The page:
The 2018 Crown Communities awards
What is in this article?
- The 2018 Crown Communities awards
- Baltimore, Md.: Coding-focused after-school and city internship program
- Colorado Springs, Colo.: Storm drain art campaign
- Eastlake, Ohio: Special needs-oriented baseball field and playground
- Forest Hills, Pa.: Net-zero energy municipal complex
- Orange County, Calif.: Adult protective services simulation training
- Roanoke, Texas: New city hall and infrastructure as anchor for redeveloped downtown
Colorado Springs, Colo.: Storm drain art campaign
Colorado Springs, Colo.’s storm drain art project, completed in September 2018, seeks to get people thinking more about the importance of often-overlooked storm drains by combining public education, local art, public works and community involvement.
The seven storm drain art installations feature black and white art painted by local artists. The artists entered designs that reflected on the themes “Keep It Clean We’re All Downstream” or “Only Rain Down the Drain.”
“This has raised quite a few eyebrows on what’s possible,” says Jerry Cordova, stormwater specialist at the city’s water resources engineering division. “Colorado Springs as a whole and El Paso County are pretty conservative in nature. This certainly took us outside our normal box, if you will,” Cordova says.
Altogether, it cost the city $6,000.
The small cost was attained in a few ways. The city pursued $500 sponsorships for the storm drain art pieces. Artists were given $300, while the other $200 were set aside for maintenance. Colorado Springs minimized installation costs by having all public art pieces painted on a single day that occurred during a community art event called the “What If” festival.
Partnerships with public and private organizations were key to the success of this project. They allowed for greater distribution of news about the call for artists and the art installation event, Cordova says.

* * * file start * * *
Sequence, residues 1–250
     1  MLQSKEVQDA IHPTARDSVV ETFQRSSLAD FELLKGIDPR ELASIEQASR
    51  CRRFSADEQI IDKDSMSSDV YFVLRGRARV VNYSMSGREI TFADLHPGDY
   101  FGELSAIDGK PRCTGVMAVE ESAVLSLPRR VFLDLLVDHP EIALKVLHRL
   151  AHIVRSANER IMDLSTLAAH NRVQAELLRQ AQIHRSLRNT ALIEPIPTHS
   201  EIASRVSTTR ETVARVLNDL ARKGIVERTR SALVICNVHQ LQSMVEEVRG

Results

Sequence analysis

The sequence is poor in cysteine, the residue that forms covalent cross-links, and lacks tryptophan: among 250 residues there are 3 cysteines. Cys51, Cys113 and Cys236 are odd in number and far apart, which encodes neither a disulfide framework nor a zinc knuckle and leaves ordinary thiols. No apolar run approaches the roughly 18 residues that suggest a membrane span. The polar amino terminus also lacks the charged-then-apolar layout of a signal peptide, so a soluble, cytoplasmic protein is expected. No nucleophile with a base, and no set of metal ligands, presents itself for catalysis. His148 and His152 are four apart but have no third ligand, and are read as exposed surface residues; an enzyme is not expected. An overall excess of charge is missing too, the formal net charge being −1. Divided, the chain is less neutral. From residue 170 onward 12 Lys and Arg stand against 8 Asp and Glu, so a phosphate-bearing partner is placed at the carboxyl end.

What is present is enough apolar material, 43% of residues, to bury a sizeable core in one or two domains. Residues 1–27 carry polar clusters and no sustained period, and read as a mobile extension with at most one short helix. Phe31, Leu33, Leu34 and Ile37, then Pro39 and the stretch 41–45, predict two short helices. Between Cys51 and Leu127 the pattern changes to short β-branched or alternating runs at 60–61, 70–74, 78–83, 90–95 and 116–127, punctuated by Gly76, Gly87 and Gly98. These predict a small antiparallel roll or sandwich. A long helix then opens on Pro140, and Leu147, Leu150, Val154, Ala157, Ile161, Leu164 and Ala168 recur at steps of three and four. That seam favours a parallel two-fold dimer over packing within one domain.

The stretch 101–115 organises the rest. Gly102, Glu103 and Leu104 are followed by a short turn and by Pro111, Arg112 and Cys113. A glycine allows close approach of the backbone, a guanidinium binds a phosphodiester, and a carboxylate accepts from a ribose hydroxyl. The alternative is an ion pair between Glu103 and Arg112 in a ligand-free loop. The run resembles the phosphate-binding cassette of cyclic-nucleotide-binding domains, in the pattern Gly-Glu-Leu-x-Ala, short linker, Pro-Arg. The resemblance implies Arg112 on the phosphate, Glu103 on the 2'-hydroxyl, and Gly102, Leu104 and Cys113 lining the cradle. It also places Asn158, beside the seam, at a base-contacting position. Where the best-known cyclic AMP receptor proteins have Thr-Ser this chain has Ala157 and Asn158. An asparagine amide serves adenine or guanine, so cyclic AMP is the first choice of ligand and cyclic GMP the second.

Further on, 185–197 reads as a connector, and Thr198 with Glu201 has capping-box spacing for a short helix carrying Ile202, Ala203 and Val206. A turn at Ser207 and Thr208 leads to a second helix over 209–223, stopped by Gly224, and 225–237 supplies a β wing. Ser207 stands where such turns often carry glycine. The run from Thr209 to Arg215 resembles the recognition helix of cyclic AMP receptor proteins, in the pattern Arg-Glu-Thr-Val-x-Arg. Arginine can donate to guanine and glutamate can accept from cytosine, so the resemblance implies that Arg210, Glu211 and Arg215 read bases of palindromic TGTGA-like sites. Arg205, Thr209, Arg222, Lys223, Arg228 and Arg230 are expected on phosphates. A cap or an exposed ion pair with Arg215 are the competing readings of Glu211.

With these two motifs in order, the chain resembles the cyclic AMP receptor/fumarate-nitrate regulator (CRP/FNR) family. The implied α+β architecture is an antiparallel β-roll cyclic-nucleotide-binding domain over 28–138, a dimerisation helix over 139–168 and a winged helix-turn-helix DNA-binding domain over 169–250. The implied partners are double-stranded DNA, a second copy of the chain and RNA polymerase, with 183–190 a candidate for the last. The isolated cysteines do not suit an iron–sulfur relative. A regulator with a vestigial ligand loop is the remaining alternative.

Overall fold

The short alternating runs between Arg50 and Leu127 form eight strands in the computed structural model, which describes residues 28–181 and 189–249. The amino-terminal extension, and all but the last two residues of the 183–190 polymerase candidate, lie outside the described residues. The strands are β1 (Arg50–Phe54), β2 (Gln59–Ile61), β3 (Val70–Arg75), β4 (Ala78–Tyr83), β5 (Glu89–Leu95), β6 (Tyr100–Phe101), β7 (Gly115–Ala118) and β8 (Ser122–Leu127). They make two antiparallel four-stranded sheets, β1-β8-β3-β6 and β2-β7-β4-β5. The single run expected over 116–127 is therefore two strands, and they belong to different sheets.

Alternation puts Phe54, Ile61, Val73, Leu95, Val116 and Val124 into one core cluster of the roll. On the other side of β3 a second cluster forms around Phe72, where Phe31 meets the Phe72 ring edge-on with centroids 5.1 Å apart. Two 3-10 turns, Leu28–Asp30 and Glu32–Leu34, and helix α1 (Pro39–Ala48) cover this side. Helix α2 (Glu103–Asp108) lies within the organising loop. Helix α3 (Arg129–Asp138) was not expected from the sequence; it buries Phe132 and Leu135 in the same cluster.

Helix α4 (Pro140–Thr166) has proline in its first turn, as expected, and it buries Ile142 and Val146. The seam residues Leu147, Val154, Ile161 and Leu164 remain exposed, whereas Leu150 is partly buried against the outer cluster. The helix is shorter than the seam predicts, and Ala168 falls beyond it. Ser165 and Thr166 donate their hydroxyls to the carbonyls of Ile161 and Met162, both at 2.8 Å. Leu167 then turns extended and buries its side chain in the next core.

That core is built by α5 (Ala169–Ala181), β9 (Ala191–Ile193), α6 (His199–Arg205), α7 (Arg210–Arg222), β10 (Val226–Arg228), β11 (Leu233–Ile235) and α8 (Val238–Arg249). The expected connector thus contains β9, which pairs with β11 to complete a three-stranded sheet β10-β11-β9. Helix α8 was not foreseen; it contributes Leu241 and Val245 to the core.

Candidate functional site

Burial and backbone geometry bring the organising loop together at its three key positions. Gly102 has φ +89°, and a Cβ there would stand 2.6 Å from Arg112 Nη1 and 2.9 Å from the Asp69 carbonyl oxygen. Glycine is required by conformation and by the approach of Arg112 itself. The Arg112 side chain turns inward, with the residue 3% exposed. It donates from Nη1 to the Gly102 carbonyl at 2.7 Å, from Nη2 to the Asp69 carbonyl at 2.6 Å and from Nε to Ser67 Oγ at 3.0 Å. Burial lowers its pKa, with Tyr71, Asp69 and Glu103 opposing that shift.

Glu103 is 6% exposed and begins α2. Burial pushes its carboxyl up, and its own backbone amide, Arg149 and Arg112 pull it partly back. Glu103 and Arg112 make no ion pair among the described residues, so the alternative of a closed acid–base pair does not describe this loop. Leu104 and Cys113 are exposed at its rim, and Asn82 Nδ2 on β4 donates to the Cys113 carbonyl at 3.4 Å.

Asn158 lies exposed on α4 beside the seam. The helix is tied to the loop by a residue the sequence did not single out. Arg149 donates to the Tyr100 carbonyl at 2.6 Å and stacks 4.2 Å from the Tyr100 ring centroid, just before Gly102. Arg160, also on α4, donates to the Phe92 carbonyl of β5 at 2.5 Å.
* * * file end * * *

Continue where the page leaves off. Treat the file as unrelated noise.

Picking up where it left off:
Partnering with the nonprofit Downtown Partnership, which holds various programs and activities throughout the city, gave the project immense public engagement and messaging capabilities through those activities. The Council of Neighbors and Organizations helped introduce the city to neighborhood associations. The Cultural Office of the Pikes Peak Region gave the city marketing distribution and access to a larger audience.
“By bringing in each of these stakeholders, they could take ownership in this project as well and show that we were all in this together and that together we would create an environmental and public art project… it’s a shared story, it’s a shared success,” Cordova says.
While raising eyebrows, beautifying patches of the city and directing people’s attention to important yet overlooked parts of infrastructure, the art did something else: it opened the door to new possibilities for public works-related art.
“If we can do this on our storm drains… what else in our community, what else in our neighborhoods could we do that is similar to this project?” Cordova reflects.